Occupational Health & Wellbeing research round-up: November 2020

Image: Shutterstock

Work-related allergic symptoms in bakers

Bakers using multigrain flour are at a high risk of experiencing nasal and asthma-like symptoms, according to this survey of Italian bakeries. Around 25% of bakers using only wheat flour experienced work-related nasal symptoms, rising to 34.1% of bakers using flour with additives and multigrain. The risk of work-related asthma symptoms more than doubled in bakers using additives with or without multigrain, compared with bakery shop assistants.

Olivieri M et al. “Exposure to additives or multigrain flour is associated with high risk of work-related allergic symptoms among bakers”, Occupational & Environmental Medicine, published online 27 August 2020.

Barriers to work after coronary bypass surgery

Coronary artery bypass grafting is the most frequently performed cardiac surgical procedure yet return-to-work after such an operation is often complex. This study identifies four main groups of barriers to rehabilitation after bypass surgery based around personal, healthcare, work and regulatory factors. The personal barriers were split further into physical, cognitive, social and individually-determined factors. The authors conclude that, to overcome these identified barriers, “the process of return to work could preferably be initiated during the hospital phase, started during cardiac rehabilitation and coordinated by a case-managing professional.”

Blokzijl F et al. “Barriers that obstruct return to work after coronary bypass surgery: a qualitative study”, Journal of Occupational Rehabilitation, published online 16 August 2020.

Covid-19 and individual susceptibility

Effective occupational health and safety is “vitally important” in enabling the UK economy’s recovery post-lockdown, according to this article. Rehabilitation, in particular, is vital to national recovery and the issue of worker susceptibility to Covid-19 needs to be addressed, particularly that of employees working in operations that require closer contact than government limits, for example, hairdressing and social care. The authors suggest that any changes to working practices may last for a long time into the future and that there may be a need for some form of national policy – “even a statutory instrument: The Covid at Work Regulations”.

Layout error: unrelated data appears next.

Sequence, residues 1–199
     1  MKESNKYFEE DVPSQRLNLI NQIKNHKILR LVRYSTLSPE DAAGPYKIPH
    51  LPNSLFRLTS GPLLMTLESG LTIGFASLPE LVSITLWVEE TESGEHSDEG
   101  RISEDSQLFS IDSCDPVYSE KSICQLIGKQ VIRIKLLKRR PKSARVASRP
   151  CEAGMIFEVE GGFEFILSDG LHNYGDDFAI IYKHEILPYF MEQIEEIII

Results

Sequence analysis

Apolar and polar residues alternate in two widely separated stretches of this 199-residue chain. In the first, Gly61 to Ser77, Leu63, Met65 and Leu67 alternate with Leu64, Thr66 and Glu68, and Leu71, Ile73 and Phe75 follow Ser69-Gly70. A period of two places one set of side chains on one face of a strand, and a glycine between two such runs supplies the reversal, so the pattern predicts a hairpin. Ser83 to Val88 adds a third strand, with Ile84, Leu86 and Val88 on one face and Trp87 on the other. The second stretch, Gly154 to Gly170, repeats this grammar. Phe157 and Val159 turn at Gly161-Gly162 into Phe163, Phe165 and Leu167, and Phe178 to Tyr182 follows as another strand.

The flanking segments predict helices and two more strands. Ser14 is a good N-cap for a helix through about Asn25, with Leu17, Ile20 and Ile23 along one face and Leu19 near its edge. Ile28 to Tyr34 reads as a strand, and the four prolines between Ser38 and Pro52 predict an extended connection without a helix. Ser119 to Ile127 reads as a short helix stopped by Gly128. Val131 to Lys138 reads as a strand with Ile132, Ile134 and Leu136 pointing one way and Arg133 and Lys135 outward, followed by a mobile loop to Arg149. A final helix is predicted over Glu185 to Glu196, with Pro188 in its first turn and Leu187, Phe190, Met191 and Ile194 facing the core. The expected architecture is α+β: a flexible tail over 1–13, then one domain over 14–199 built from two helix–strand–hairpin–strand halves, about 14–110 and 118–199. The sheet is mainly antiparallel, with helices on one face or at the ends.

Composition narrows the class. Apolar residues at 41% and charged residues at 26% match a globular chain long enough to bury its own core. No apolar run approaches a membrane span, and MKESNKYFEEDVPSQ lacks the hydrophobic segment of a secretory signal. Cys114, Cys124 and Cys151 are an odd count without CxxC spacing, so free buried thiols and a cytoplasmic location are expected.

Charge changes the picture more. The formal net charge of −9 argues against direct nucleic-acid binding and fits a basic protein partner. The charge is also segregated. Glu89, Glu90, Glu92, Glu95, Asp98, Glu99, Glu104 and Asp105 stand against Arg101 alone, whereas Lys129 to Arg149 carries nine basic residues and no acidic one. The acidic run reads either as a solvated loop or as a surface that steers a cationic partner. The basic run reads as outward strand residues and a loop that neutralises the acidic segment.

Kalman C J. “Covid-19 Individual susceptibility: health and safety management”, Occupational Medicine, published online 2 September 2020.

“I don’t want to go back”: heading back to the office

Employers need to adopt nuanced policies on returning staff to the physical workplace after a period working from home because blanket policies may ignore the different needs of different employee groups, according to this survey-based research. The survey of 333 energy workers finds that women, non-Caucasians and employees living in multi-generational households were less willing to return to the physical workspace. Concerns about childcare, and knowing someone who had been infected with Covid-19, were also negatively related to a willingness to return, the survey finds. “Employers and policy makers should adopt flexible approaches to ensure a return to workspaces that addresses employee concerns and needs,” the authors conclude.